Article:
Vietnam Is Now Making Straws Made Of Wild Grass As Zero-Waste Option

In recent years, plastic straws have become controversial with some arguing that it has a negative effect on our environment. Thus, alternative straws made of bamboo or paper have become more popular. Now, a young entrepreneur from Vietnam has come up with a new straw alternative that might gain traction as well.

Tran Minh Tien is the owner of Ống Hút Cỏ, which makes straws out of wild grass. He managed to come up with the idea of turning Lepironia Articulata or co bang into straws, and this grass can be found in the Mekong Delta region in southwestern Vietnam. The grass is known for having a hollow stem, making it perfect for straw usage.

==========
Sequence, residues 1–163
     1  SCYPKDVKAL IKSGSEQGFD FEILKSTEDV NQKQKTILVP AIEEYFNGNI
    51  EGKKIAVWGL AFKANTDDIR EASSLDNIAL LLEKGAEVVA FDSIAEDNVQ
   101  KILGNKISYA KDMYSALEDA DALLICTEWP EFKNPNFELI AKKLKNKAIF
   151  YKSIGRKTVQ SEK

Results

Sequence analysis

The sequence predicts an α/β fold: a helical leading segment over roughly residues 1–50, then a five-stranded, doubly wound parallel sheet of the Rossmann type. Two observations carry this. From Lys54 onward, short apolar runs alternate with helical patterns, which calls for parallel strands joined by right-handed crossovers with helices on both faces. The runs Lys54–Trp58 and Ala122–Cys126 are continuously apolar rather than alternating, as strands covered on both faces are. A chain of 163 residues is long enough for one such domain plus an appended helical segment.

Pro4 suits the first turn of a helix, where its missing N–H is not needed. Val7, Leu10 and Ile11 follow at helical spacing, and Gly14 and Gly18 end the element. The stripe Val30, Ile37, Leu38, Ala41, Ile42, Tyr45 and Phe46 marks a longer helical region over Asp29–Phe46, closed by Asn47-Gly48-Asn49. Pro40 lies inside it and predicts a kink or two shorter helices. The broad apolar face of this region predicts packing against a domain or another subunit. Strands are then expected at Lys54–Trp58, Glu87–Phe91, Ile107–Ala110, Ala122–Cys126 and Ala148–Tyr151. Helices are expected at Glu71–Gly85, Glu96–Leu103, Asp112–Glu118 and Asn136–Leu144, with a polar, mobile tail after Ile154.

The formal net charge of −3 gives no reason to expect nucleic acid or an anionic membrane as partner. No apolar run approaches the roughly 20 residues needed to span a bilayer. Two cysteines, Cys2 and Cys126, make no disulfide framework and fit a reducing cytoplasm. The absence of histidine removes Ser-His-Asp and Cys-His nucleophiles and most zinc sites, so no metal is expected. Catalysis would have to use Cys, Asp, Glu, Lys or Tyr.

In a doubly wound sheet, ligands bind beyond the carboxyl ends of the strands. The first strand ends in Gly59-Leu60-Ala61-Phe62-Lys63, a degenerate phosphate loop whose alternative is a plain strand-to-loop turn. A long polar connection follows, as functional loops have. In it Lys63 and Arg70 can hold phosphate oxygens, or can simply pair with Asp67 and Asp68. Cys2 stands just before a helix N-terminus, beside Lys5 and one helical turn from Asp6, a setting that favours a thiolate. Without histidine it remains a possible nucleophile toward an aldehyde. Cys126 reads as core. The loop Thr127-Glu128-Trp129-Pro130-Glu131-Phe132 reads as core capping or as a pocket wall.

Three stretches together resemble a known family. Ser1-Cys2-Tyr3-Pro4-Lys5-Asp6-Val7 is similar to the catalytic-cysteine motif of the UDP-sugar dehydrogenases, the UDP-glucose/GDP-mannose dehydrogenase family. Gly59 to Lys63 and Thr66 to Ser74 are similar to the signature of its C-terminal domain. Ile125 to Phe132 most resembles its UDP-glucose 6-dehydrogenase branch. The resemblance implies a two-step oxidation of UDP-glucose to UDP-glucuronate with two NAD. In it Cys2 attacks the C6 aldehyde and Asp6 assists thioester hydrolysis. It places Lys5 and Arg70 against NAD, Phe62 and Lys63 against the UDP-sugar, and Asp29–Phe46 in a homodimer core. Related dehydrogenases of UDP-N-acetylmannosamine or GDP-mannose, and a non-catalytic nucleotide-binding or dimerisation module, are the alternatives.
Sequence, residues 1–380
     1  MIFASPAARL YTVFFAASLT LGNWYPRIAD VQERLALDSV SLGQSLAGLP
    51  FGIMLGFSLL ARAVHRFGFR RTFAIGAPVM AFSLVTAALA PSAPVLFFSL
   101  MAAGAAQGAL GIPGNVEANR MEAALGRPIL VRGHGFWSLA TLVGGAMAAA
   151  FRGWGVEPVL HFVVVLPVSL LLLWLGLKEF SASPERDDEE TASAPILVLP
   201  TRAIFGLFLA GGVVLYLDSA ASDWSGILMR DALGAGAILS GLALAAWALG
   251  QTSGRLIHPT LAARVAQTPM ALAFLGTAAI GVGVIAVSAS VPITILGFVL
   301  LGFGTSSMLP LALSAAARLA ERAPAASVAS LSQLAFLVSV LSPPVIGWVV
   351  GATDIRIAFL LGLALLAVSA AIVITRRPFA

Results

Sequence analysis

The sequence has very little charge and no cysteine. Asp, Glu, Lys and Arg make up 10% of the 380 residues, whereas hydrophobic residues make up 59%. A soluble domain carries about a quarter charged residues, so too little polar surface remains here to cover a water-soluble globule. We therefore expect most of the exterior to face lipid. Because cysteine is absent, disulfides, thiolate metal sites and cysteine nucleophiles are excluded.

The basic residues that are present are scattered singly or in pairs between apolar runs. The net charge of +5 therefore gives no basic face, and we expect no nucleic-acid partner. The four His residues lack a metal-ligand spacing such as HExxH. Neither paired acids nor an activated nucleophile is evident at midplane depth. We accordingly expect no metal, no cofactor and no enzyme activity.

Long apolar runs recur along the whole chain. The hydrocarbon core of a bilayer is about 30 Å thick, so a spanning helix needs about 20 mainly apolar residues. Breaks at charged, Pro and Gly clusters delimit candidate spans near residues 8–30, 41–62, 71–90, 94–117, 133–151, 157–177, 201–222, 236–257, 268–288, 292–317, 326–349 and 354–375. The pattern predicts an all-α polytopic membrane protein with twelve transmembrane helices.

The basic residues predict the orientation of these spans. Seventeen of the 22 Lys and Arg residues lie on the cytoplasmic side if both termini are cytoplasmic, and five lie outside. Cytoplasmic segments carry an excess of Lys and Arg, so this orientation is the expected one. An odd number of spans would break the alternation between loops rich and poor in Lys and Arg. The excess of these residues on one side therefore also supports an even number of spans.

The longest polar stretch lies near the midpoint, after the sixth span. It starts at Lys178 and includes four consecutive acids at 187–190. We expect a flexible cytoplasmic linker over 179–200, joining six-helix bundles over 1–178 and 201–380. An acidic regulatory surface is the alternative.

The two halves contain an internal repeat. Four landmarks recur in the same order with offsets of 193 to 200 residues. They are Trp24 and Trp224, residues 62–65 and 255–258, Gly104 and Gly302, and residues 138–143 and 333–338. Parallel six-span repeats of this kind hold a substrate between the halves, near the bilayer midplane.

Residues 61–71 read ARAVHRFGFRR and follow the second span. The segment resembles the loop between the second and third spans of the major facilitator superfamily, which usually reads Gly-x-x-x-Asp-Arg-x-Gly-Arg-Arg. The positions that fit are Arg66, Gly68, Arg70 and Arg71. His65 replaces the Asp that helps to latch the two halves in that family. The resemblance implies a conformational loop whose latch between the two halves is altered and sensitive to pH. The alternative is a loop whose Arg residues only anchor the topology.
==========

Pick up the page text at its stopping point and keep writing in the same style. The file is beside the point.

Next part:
Tien’s workers harvest and wash the grass before cutting 8-inch pieces and cleaning the inside with an iron rod. Once they are finished, the straws are wrapped in banana leaves and left to dry out in the sun for 22 days. Later, they are baked in an oven before going out on the market.

Tien has suggested that the straws be stored in airtight bags in the fridge before they are used. One of the most fun things about these straws is that they are edible! In fact, many like to chew the straws after finishing their meals to clean their teeth. After all, the grass used in the straws are clean, as they have no preservatives, chemicals, toxins and other dangerous substances.

One dried straw can be bought for 1,000 Vietnamese dong ($0.043), and a fresh straw costs 600 Vietnamese dong ($ 0.026).


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